No wilting flower, that. So why would I cling to the passing-away kind?

Published in: on April 12, 2018 at 5:15 pm  Comments Off on Clinging To Wilting Flowers — A Reprise  
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When The Roll Is Called—A Reprise


In 1893 a pastor named James Black wrote a simple chorus entitled “When the Roll Is Called Up Yonder” prompted by the absence of a girl named Bessie who was too sick to attend one of the youth meetings. For those who may be unfamiliar with the words, now in the public domain, I’ve copied them here:

1. When the trumpet of the Lord shall sound and time shall be no more
And the morning breaks eternal, bright and fair
When the saved of earth shall gather over on the other shore
And the roll is called up yonder, I’ll be there!

2. On that bright and cloudless morning when the dead in Christ shall rise
And the glory of His resurrection share
When His chosen ones shall gather to their home beyond the skies
And the roll is called up yonder, I’ll be there!

3. Let us labor for the Master from the dawn till setting sun,
Let us talk of all His wondrous love and care;
Then when all of life is over, and our work on earth is done
And the roll is called up yonder, I’ll be there!

Chorus:
When the roll, is called up yonder,
When the roll, is called up yonder,
When the roll, is called up yonder
When the roll is called up yonder I’ll be there!

Lyrics: James Milton Black
Music: James Milton Black

If you read the story behind the song, you learn that Pastor Black had a heart for the lost.

Sadly, there seems to be a growing belief today that there will be no “lost.” The ideas behind “universalism”—usually traced back to Origen of Alexandria (c.185-284), an influential early Church Father and writer who believed in the ultimate salvation and reconciliation with God of all moral beings, including Satan and his demons—seem to have gained more acceptance starting in the 1800s. Today it seems the majority of people, East or West, embrace some form of this view.

Some believe all religions are true (different rivers flowing into the same ocean) whereas some believe all are saved through Jesus Christ.

Chances are, if someone asks, “When the roll is called up yonder, will you be there?” the answer is most likely, “I hope so.”

I hope so? That answer is a pretty good indication that the person doesn’t know what is involved in getting there and they just don’t realize it.

The sad thing about this is that people who don’t know they’re lost have no particular interest in being found. And those who don’t believe anyone else is lost aren’t very concerned about mapping out the way back home.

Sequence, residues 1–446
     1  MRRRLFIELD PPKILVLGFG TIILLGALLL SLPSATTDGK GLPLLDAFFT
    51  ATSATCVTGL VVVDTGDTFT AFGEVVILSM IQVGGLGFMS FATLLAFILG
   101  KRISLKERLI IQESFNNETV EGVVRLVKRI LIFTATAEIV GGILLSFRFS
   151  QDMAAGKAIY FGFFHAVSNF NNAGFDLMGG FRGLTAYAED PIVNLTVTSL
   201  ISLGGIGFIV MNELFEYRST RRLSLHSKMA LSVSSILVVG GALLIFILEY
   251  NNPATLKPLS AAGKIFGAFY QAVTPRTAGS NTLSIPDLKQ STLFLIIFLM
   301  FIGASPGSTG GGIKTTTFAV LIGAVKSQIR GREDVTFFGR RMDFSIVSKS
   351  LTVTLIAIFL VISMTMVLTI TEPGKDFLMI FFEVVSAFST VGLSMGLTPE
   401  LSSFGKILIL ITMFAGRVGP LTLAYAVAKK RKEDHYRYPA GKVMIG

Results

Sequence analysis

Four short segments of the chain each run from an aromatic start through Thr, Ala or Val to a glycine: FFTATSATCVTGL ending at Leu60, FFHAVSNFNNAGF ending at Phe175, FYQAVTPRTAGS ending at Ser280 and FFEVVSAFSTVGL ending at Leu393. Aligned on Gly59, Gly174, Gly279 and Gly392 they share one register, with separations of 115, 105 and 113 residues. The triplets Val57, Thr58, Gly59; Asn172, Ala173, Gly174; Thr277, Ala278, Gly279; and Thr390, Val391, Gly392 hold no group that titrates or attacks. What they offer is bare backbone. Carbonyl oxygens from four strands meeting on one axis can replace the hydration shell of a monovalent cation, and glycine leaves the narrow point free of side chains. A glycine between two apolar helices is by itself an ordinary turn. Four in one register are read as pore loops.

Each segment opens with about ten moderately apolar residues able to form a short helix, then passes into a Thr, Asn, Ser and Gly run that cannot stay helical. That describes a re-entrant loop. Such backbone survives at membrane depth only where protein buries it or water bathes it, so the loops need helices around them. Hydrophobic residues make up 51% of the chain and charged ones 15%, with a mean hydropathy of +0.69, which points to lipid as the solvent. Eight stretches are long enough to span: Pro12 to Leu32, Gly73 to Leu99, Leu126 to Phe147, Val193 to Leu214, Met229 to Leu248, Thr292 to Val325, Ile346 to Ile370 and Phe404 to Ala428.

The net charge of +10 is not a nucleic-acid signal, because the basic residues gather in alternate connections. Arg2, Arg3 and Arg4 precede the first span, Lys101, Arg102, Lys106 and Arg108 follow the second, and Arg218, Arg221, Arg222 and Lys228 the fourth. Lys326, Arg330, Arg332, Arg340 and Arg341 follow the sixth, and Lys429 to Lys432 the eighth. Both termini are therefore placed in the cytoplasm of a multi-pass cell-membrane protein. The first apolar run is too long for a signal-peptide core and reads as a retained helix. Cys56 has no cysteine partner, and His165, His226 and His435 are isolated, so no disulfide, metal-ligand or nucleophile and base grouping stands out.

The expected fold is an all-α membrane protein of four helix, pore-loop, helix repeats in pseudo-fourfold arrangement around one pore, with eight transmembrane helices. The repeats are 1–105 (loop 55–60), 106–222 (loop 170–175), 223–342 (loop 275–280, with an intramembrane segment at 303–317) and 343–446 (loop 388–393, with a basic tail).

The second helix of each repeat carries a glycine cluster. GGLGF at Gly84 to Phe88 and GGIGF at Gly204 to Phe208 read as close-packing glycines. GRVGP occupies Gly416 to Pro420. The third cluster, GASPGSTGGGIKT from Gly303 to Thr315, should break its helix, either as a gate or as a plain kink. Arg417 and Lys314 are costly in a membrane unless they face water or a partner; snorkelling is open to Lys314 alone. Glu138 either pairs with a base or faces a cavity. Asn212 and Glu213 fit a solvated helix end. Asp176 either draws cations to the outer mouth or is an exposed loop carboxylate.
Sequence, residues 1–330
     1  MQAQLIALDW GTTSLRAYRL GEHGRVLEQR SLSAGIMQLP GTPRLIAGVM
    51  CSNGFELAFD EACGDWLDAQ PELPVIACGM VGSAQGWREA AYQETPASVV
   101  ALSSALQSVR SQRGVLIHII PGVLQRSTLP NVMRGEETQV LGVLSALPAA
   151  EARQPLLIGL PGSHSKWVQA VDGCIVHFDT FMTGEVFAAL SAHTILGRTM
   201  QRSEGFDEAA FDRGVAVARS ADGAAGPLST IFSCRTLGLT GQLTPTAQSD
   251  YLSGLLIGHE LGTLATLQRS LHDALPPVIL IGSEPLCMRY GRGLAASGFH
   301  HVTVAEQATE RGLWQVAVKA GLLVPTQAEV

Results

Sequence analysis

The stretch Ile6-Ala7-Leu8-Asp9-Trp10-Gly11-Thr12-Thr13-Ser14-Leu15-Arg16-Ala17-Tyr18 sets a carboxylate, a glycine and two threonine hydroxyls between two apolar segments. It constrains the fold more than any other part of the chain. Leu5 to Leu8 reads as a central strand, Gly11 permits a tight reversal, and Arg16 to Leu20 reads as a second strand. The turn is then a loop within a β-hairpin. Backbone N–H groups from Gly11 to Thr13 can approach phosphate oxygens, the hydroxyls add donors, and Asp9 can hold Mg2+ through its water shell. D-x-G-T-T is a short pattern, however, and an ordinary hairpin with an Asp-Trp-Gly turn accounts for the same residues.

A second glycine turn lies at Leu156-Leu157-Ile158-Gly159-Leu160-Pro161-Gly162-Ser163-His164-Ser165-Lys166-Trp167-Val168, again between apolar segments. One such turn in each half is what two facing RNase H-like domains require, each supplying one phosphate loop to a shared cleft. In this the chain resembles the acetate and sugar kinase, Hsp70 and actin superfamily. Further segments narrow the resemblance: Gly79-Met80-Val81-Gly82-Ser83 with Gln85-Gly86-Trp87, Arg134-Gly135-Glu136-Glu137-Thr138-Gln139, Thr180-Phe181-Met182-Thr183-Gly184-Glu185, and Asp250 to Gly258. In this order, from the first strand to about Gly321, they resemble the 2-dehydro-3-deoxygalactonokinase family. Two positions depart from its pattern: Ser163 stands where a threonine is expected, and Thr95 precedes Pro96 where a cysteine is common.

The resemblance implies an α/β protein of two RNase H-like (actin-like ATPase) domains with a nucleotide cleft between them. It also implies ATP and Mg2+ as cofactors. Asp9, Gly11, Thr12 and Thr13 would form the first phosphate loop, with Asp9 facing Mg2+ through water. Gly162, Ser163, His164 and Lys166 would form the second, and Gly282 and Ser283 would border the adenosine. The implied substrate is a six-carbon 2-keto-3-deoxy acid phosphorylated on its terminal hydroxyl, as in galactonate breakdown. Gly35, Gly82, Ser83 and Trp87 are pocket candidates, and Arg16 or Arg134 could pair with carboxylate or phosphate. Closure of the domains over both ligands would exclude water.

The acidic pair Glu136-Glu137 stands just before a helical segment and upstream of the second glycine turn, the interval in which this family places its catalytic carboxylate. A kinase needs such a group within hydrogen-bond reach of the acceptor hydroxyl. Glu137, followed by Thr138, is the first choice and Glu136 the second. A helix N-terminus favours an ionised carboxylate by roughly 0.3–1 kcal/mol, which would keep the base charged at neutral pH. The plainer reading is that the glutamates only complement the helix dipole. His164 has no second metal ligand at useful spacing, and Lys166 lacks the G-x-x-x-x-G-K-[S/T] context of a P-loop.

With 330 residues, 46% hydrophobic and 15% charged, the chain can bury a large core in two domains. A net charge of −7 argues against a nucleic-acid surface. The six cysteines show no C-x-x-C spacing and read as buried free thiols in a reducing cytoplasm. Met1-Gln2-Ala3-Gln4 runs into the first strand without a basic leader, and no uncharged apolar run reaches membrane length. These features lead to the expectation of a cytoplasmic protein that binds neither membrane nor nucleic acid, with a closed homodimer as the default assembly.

For me there’s not a sadder scene in the Bible than Jesus weeping over Jerusalem, declaring that He would have gathered them to Him like a mother hen gathers her chicks, but they wouldn’t have it. They didn’t want to be gathered. They didn’t want to be found.

These are the people Paul was talking about when he said,

For many walk of whom I often told you and now tell you even weeping, that they are enemies of the cross of Christ, whose end is destruction, whose god is their appetite, and whose glory is in their shame, who set their minds on earthly things.
– Phil. 3:18-19

At the heart of the deception that all are going to heaven (whatever you believe that to be for you – 🙄 ), is the denial that God is a righteous, just, sovereign Judge; that He makes the rules and He determines the consequences and He metes out equitable rewards or punishments.

Why is it so hard to believe that the One in charge gets to do that?

This post is a revised version of one that appeared here in February, 2011.

Published in: on April 4, 2018 at 5:00 pm  Comments Off on When The Roll Is Called—A Reprise  
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Morally Flawed . . . Yet Bound For Heaven?


This post first appeared here in May, 2013.
– – – – –
I read two intriguing articles today, and yet when I put them together, the picture I see is rather murky. The first, “Why so many people–including scientists–suddenly believe in an afterlife,” is a lengthy look at the attitude of western culture toward the afterlife.

In a poll taken in the US in 2011, 81% said they believed in heaven and 71% believed in hell. Honestly, that second number surprised me because it was so high. A 2010 Canadian poll indicated half believed in heaven and fewer than a third believed in hell. That’s closer to what I expected.